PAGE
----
After a short train ride further down the East coast, we arrived at Hualien. Dawin’s parents split off to see some friends and visit a doctor they knew, so the rest of us hopped in with a local tour guide for the day. 

After a quick lunch, we got a taste of Taiwan’s history. There are a handful of big companies that pride themselves on being among the oldest in the country. We visited one of them which has set up a mini museum focused on showcasing the everyday lives of the people of Taiwan in the 50s and early 60s, the first decade or two after breaking away from China as communism took over. 


And as we walked out of the museum, we learned that not every aspect of that way of life has been left behind. Immediately next door, a man was plowing his field with the help of a water buffalo. 


Next up was a scenic overlook of the coast. There were little pull offs all along this road but this one had a walking path along the cliff face with a nice tower for better viewing the scenery, and a background of steep mountain faces reaching into the low clouds.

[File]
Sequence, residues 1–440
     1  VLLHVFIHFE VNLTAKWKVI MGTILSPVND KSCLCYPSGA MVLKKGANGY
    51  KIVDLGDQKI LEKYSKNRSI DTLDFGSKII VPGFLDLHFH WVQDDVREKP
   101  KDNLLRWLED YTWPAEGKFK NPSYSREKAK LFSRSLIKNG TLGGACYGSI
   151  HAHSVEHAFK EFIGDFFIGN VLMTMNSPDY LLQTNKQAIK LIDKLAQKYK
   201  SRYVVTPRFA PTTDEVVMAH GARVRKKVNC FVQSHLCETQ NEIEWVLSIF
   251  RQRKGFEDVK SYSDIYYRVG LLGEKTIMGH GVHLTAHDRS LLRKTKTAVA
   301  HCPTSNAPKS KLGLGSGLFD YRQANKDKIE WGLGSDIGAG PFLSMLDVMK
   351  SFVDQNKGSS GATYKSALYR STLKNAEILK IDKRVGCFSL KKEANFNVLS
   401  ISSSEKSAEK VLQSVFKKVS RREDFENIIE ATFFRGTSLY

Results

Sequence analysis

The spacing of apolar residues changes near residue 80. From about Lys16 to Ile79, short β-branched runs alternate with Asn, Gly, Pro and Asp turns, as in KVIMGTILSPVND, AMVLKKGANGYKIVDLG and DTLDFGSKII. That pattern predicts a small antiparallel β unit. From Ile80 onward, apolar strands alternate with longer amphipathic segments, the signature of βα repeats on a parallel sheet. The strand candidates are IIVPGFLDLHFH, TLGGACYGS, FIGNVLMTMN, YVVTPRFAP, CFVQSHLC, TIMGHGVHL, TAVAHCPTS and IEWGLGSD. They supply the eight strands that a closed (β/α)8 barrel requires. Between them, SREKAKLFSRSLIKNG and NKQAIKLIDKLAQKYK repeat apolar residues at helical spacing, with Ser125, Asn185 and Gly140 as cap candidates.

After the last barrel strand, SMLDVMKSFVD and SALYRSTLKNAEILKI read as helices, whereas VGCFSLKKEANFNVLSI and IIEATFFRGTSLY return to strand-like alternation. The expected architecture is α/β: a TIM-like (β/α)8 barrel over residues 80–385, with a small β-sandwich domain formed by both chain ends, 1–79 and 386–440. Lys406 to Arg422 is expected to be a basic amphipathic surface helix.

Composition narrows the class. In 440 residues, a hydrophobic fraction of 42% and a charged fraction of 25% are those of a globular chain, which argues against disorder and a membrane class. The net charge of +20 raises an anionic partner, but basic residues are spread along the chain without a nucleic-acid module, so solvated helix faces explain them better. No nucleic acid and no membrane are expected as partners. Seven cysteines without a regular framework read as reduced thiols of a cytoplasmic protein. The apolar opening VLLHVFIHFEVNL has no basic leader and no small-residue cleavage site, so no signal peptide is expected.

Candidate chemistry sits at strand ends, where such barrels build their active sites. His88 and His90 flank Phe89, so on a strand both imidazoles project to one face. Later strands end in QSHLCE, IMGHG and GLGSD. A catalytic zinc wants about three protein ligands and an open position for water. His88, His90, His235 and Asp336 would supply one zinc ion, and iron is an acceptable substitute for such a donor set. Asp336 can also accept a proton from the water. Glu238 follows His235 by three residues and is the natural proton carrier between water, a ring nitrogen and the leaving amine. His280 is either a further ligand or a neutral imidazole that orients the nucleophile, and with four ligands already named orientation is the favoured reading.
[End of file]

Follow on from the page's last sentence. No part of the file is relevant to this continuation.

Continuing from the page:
We then ventured inland along one of the river gorges. There were warning signs up everywhere for rock slides, but it didn’t hit home until we drove by a rock about the size of a semi cab perched on the edge of the road which the driver told us was one of the smaller boulders that had come down last year in a huge rock slide. The house sized boulders lying in the river gained some perspective, and a short while later we stopped at a roadside stand loaning out free hard hats for use if you wanted to get out of the car and explore. Before we knew it, we were walking down a road carved out of and into the sheer rock face. Avi wasn’t feeling the hard hat so we had keep her away from most of the fun spots, but there were still places she got to see a great view. 

For reference, the larger rocks are about the size of our house.

So I guess big rocks fall here often enough to warrant a permanent structure to catch them?



Finally, it was time for dinner. We did hot pot for the second time this trip, but at a place which has a special twist. They’re known for their floral hot pots, where flowers are used as a base for flavoring, and especially the lotus flower. And when the flower is put in the pot, after a couple seconds it opens up and “blooms” right in front of you. 


Tomorrow: a land trek down the East Coast National Scenic Area, and a lesson in making tofu.